Pictured: Mythical white stag found in the forests of Gloucestershire
White stags have long been associated with mythology and legend, an elusive yet magnificent beast.
King Arthur was left frustrated by his attempts to capture one, as were the Kings and Queens of Narnia, who chased the creature through the woods and found themselves tumbling out of a wardrobe.
But photographer Ken Grindle has managed to get a little bit closer, taking this picture of the animal in the Forest of Dean in Gloucestershire.
The White Stag was snapped by amateur photographer Ken Grindle near Lydney, Gloucestershire
The majestic wild animal - long associated with mystery and good luck - was filmed by the wildlife enthusiast.
Ken, 66, has been filming and photographing wildlife in the area for the past six years - but had never seen a white stag.
'I was very surprised to see it,' he said.
'I was camped in a shelter and was really fortunate. It just strolled right in front of me and calmly wandered around.
'He is a beautiful creature and it's really nice to be able to show people who perhaps can't make it into woodland what beautiful animals roam out there.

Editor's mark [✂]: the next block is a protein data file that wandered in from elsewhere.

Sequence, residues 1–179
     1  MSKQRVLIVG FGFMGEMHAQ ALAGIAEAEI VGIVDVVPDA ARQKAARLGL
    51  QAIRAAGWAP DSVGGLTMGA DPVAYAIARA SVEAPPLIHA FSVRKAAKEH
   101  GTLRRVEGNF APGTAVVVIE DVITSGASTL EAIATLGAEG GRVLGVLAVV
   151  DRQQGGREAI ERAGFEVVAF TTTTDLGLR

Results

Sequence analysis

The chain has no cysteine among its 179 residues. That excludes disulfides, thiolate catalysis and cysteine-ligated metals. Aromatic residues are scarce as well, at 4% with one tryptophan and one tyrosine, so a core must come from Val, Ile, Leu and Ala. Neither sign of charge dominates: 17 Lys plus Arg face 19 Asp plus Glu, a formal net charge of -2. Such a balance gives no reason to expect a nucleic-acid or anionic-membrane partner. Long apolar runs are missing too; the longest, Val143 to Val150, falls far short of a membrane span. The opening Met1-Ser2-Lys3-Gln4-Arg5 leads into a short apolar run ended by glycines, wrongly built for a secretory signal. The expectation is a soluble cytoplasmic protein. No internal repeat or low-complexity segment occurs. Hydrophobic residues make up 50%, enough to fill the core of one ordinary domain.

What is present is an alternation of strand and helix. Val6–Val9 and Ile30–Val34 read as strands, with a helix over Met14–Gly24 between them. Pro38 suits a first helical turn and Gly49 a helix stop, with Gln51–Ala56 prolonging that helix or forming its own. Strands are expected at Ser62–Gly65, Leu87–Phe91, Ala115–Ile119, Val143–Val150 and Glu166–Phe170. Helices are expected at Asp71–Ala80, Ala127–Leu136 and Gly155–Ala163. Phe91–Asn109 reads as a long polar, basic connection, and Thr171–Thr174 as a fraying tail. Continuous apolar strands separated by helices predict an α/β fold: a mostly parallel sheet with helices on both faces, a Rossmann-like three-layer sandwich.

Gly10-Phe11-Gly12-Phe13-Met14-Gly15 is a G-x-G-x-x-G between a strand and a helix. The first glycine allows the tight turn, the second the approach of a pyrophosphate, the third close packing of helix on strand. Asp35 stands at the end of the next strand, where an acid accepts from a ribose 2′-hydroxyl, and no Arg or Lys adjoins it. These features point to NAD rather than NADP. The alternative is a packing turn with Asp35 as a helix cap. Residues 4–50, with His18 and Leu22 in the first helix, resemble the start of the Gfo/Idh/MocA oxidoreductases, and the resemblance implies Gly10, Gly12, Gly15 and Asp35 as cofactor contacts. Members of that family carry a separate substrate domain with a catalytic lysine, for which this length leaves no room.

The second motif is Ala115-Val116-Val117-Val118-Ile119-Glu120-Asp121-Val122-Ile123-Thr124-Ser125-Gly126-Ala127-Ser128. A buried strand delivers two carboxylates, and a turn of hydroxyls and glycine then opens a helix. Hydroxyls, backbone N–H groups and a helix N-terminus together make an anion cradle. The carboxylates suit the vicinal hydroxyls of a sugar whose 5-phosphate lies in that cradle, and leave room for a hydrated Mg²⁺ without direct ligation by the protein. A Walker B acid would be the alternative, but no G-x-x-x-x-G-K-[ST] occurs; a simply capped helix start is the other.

'I was lucky to be able to get some footage of it as well as the battery on my camera was running out.
'I wasn't sure I'd actually got it until I got home.
Butchered: This white stag was decapitated in 2007. Its existence was kept secret in a bid to deter poachers
'I take the pictures to share with everyone as a lot of people can't get out into the woods to see this.'
The Forest of Dean is thought to be home to an array of unusual and wild creatures including wild boar, big cats and white stags.
Retired builder Ken added: 'There's a lot of talk about big cats in the Forest and that really would be something to see.
'I managed to stand my ground when some wild boar came out into the path in front of me but it might be a bit different if I saw a big cat.'
Last year a white stag was spotted in the Scottish Highlands and was photographed by a member of a nature
charity while she was on an expedition on the west coast.
Fran Lockhart, of the John Muir Trust, a charity which protects wild land, said she was "thrilled" to spot the majestic beast, which is closely identified with the unicorn.
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